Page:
You speak therefore you think: linguistic relativity – the belief that different languages have different effects on thought – is a much debated topic amongst cognitive psychologists. In support of the theory, researcher Benedetta Bassetti (2007) found that Italian monolingual children attributed more female voices to objects whose noun is grammatically feminine than Italian-German bilingual children. As both groups of children grew up in Italy, the bias in conceptualising objects could only be attributed to language.

Looking back, I should have… humans are predisposed to think counterfactually – to wonder how a situation could have turned out differently. But did you know you’re more likely to regret things you did in the short-term and things you didn’t do in the long-term? In one study, participants were given decision scenarios which differed in terms of outcomes and longevity of regret and asked to make judgements on how different people in the scenario would feel post-decision. Participants were more likely to judge an actor (than a non-actor) as regretful of their decision in short-term, bad-outcome scenarios, and judge the non-actor as regretful of their decision in the long-term, bad-outcome scenario (4).

Recommended reading: Thinking Fast and Slow by Daniel Kahneman (Buy it on Amazon)

3) Personality psychology

In a nutshell… study of the individual differences in patterns of thinking, feeling and behaving that make us, us.

Big research questions…

Can personality change over time?

Is creativity a personality trait?

How does our personality affect our job performance?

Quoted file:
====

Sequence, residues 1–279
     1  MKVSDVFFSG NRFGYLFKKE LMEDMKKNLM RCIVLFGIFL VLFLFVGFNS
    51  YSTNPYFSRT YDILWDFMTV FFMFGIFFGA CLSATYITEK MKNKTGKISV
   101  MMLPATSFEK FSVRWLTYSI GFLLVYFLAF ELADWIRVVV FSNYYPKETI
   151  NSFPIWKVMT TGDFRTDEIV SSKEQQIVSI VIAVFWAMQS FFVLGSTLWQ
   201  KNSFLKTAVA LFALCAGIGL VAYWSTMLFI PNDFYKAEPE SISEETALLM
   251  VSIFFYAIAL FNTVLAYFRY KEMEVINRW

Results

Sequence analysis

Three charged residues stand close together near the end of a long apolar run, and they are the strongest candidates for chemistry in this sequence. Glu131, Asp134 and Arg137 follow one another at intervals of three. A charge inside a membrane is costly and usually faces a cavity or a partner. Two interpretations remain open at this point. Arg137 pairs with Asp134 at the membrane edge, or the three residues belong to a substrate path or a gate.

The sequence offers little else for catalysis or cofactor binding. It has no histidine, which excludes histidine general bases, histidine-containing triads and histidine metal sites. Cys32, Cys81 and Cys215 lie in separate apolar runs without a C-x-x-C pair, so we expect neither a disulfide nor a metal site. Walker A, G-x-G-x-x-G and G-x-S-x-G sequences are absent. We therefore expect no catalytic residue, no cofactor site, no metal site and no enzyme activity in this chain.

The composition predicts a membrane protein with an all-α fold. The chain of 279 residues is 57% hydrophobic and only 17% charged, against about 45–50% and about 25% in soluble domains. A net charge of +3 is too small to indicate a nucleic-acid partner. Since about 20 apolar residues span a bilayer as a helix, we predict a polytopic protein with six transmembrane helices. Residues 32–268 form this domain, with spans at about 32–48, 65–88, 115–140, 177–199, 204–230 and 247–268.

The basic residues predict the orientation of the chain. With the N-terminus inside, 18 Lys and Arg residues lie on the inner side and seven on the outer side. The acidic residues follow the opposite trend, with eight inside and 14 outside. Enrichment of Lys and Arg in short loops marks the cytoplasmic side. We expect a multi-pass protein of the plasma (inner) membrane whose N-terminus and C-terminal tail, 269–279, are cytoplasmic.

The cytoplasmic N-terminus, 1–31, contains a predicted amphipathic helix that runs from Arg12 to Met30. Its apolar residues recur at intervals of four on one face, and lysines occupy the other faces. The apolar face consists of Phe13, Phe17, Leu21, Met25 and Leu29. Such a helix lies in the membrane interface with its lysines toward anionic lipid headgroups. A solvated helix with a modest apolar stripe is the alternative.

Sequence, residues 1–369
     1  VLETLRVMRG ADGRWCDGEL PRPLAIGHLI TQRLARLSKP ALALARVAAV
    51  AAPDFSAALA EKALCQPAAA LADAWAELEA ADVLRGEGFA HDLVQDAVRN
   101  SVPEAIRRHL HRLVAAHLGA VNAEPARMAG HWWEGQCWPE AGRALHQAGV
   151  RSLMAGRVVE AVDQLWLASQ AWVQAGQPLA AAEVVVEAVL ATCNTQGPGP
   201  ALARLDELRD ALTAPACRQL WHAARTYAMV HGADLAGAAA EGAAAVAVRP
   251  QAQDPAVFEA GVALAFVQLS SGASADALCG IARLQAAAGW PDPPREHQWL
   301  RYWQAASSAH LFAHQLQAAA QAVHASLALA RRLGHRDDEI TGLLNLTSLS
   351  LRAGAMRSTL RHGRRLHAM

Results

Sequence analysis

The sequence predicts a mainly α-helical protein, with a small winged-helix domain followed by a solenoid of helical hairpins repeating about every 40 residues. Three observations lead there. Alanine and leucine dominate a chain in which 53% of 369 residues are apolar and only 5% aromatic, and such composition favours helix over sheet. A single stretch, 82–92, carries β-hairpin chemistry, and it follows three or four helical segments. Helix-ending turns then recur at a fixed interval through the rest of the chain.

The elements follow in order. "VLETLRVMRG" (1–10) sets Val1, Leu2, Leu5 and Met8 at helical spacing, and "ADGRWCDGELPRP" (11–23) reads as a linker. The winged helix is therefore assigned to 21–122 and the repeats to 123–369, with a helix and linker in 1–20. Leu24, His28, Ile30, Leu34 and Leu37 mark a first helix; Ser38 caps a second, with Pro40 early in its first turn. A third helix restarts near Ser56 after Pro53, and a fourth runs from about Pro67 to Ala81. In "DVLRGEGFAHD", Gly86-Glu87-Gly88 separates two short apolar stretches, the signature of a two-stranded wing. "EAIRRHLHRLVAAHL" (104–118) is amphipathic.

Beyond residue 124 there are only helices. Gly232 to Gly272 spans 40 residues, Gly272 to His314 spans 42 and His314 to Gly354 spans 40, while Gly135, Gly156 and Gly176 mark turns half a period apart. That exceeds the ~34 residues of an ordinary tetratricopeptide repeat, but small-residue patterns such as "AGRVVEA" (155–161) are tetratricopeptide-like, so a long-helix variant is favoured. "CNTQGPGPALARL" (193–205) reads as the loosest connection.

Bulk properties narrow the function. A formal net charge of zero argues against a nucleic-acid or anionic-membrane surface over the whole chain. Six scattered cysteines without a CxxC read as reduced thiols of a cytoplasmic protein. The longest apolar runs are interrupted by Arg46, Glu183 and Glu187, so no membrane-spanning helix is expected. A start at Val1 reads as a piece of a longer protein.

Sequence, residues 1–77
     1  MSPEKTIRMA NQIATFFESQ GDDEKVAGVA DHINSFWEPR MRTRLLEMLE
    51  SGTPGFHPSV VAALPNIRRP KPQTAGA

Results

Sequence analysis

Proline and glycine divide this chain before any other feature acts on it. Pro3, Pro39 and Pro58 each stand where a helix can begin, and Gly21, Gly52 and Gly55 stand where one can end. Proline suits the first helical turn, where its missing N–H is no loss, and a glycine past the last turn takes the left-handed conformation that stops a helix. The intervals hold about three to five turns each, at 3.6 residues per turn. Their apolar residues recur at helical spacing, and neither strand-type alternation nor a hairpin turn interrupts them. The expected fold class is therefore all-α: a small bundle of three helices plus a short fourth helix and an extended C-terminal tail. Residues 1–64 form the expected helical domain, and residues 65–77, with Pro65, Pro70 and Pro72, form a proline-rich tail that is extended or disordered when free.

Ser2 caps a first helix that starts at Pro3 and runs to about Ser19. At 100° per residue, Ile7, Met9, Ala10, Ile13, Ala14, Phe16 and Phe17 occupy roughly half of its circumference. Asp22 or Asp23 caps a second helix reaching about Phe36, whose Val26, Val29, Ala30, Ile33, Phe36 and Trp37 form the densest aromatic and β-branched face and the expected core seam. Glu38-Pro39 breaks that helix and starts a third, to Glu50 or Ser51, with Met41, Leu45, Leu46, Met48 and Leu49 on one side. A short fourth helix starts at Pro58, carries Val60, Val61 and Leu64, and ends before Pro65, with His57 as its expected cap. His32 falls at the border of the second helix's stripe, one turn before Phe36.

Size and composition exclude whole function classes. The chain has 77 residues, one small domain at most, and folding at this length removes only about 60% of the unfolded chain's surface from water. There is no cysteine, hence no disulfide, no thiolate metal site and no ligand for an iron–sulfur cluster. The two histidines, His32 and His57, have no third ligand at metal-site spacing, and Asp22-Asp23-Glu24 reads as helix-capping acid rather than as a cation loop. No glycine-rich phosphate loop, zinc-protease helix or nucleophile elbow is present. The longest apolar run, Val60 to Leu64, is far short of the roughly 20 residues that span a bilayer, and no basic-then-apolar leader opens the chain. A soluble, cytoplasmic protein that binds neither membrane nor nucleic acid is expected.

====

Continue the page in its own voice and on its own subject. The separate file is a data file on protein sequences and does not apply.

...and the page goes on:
Do people with certain personality characteristics live longer than others?

What’s the best way to measure personality?

Fascinating findings…

Conscientiousness for Employee of the Year! The Conscientiousness personality trait (factors: efficient, dutiful and achievement-striving) has been positively linked to job performance, training proficiency, positive teams dynamics and job satisfaction; and negatively linked to absenteeism and turnover. Employees with high levels of this trait are more likely to be highly engaged – read my previous post to find out why.

Neurotics = smartphone addicts The more shady amongst us have long predicted that certain personality types are more reliant on their smartphones and social media apps – and emerging research suggests they might be on to something. A 2018 study found that people who rated high on neuroticism (factors: tense, shy, and lack self-confidence). were more likely to engage in problematic smartphone use, defined as compulsive use that negatively interferes with our productivity, relationships and health (5).

Make your ad about me… tailoring communication strategies to an individual’s psychological make-up may feel like too much work but research suggests it’s your best bet for getting people to engage. One study exploring the link between personality-based wording of a fake mobile phone ad and its perceived effectiveness found that participants high on extraversion (factors: sociable, enthusiastic, adventurous) were more persuaded by the ad which highlighted excitement and social reward, whereas those high on agreeableness (factors: forgiving, warm and flexible) were more interested in the ad focusing on connection with family and community (6).

Recommended reading: still looking for a good one – if you’ve any suggestions, let me know!

If you want more psychological content, I’ve written about academic insights into intranet usage and gave a conference talk on the psychology of leadership communications.

I’d love to hear how where your journey through psychology takes you – please leave a comment below or @ me on Twitter.

Happy exploring!

 

Abstracts for studies

Study (1) Savitsky et al (2016) | Study (2): Luangrath et al (2017) | Study (3): Detweiler et al (1999) | Study (4): Byrne & McEleney (2000) | Study (5): Horward & Anglim (2018) | Study (6): Hirsh et al (2012)